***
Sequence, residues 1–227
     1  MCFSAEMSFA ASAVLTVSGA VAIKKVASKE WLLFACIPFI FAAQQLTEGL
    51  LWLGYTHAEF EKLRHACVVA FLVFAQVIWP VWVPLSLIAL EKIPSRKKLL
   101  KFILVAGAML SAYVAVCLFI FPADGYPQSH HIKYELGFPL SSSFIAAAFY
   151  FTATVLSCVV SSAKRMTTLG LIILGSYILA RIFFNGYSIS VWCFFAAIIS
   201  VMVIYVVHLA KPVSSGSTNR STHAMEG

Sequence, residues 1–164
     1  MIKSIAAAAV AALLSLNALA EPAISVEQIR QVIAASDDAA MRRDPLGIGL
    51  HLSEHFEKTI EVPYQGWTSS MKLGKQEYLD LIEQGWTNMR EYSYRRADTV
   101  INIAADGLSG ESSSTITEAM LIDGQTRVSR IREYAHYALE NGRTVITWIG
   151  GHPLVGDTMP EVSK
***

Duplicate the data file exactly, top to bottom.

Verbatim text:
Sequence, residues 1–227
     1  MCFSAEMSFA ASAVLTVSGA VAIKKVASKE WLLFACIPFI FAAQQLTEGL
    51  LWLGYTHAEF EKLRHACVVA FLVFAQVIWP VWVPLSLIAL EKIPSRKKLL
   101  KFILVAGAML SAYVAVCLFI FPADGYPQSH HIKYELGFPL SSSFIAAAFY
   151  FTATVLSCVV SSAKRMTTLG LIILGSYILA RIFFNGYSIS VWCFFAAIIS
   201  VMVIYVVHLA KPVSSGSTNR STHAMEG

Sequence, residues 1–164
     1  MIKSIAAAAV AALLSLNALA EPAISVEQIR QVIAASDDAA MRRDPLGIGL
    51  HLSEHFEKTI EVPYQGWTSS MKLGKQEYLD LIEQGWTNMR EYSYRRADTV
   101  INIAADGLSG ESSSTITEAM LIDGQTRVSR IREYAHYALE NGRTVITWIG
   151  GHPLVGDTMP EVSK